Skippy and Anna are locked in a room in a large castle. The key to that room, and all the other rooms, is a number. The numbers are locked away in a problem. Can you help them to get out?
Mr. Sunshine tells the children they will have 2 hours of homework. After several calculations, Harry says he hasn't got time to do this homework. Can you see where his reasoning is wrong?
Bernard Bagnall recommends some primary school problems which use numbers from the environment around us, from clocks to house numbers.
Here is a chance to play a version of the classic Countdown Game.
Use your logical reasoning to work out how many cows and how many sheep there are in each field.
Can you each work out the number on your card? What do you notice? How could you sort the cards?
The clockmaker's wife cut up his birthday cake to look like a clock face. Can you work out who received each piece?
How many starfish could there be on the beach, and how many children, if I can see 28 arms?
Does this 'trick' for calculating multiples of 11 always work? Why or why not?
Four Go game for an adult and child. Will you be the first to have four numbers in a row on the number line?
Can you find different ways of creating paths using these paving slabs?
What do you notice about the date 03.06.09? Or 08.01.09? This challenge invites you to investigate some interesting dates yourself.
Here are the prices for 1st and 2nd class mail within the UK. You have an unlimited number of each of these stamps. Which stamps would you need to post a parcel weighing 825g?
Your vessel, the Starship Diophantus, has become damaged in deep space. Can you use your knowledge of times tables and some lightning reflexes to survive?
What is the lowest number which always leaves a remainder of 1 when divided by each of the numbers from 2 to 10?
The Scot, John Napier, invented these strips about 400 years ago to help calculate multiplication and division. Can you work out how to use Napier's bones to find the answer to these multiplications?
This article for teachers looks at how teachers can use problems from the NRICH site to help them teach division.
Look on the back of any modern book and you will find an ISBN code. Take this code and calculate this sum in the way shown. Can you see what the answers always have in common?
This task offers an opportunity to explore all sorts of number relationships, but particularly multiplication.
This problem is based on the story of the Pied Piper of Hamelin. Investigate the different numbers of people and rats there could have been if you know how many legs there are altogether!
A game for 2 people using a pack of cards Turn over 2 cards and try to make an odd number or a multiple of 3.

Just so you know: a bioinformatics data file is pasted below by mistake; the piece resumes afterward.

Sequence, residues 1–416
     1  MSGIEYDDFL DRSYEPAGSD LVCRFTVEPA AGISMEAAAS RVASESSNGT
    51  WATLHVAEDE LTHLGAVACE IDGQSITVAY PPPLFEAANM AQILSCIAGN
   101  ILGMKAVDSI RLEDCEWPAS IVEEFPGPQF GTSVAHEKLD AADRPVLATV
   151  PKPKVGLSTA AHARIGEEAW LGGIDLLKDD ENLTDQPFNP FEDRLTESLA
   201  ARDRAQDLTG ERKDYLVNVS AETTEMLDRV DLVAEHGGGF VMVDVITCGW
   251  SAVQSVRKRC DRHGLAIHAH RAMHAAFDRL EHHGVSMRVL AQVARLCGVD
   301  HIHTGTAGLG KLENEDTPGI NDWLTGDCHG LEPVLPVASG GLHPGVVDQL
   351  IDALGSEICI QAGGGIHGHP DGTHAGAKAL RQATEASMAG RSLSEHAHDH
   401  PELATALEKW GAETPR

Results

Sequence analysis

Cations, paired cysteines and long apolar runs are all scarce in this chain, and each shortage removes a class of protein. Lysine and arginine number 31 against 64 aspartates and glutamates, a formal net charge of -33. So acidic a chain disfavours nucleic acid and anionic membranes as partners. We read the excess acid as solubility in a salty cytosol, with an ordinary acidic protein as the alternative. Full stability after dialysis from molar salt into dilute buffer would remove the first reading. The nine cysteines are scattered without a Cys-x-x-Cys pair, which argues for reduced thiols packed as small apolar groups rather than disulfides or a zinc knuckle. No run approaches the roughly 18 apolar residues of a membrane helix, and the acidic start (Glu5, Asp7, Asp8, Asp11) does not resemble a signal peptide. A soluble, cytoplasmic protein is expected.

There are four equal weights on one side of the scale and an apple on the other side. What can you say that is true about the apple and the weights from the picture?
How would you find out how many football cards Catrina has collected?
What is happening at each box in these machines?
If you had any number of ordinary dice, what are the possible ways of making their totals 6? What would the product of the dice be each time?
Can you arrange 5 different digits (from 0 - 9) in the cross in the way described?
EWWNP means Exploring Wild and Wonderful Number Patterns Created by Yourself! Investigate what happens if we create number patterns using some simple rules.
Use your logical-thinking skills to deduce how much Dan's crisps and ice-cream cost altogether.
If the numbers 5, 7 and 4 go into this function machine, what numbers will come out?
A game for 2 people. Use your skills of addition, subtraction, multiplication and division to blast the asteroids.
Can you design a new shape for the twenty-eight squares and arrange the numbers in a logical way? What patterns do you notice?
This task combines spatial awareness with addition and multiplication.
Can you work out what a ziffle is on the planet Zargon?
In November, Liz was interviewed for an article on a parents' website about learning times tables. Read the article here.
Look at what happens when you take a number, square it and subtract your answer. What kind of number do you get? Can you prove it?
How would you count the number of fingers in these pictures?
If the answer's 2010, what could the question be?
Find the next number in this pattern: 3, 7, 19, 55 ...
Amy has a box containing domino pieces but she does not think it is a complete set. She has 24 dominoes in her box and there are 125 spots on them altogether. Which of her domino pieces are missing?
Here is a picnic that Petros and Michael are going to share equally. Can you tell us what each of them will have?
Number problems at primary level that require careful consideration.
Number problems at primary level that may require resilience.
This number has 903 digits. What is the sum of all 903 digits?
Using the statements, can you work out how many of each type of rabbit there are in these pens?
Work out Tom's number from the answers he gives his friend. He will only answer 'yes' or 'no'.
Start by putting one million (1 000 000) into the display of your calculator. Can you reduce this to 7 using just the 7 key and add, subtract, multiply, divide and equals as many times as you like?
Go through the maze, collecting and losing your money as you go. Which route gives you the highest return? And the lowest?
Twizzle, a female giraffe, needs transporting to another zoo. Which route will give the fastest journey?
It's Sahila's birthday and she is having a party. How could you answer these questions using a picture, with things, with numbers or symbols?
Watch this animation. What do you notice? What happens when you try more or fewer cubes in a bundle?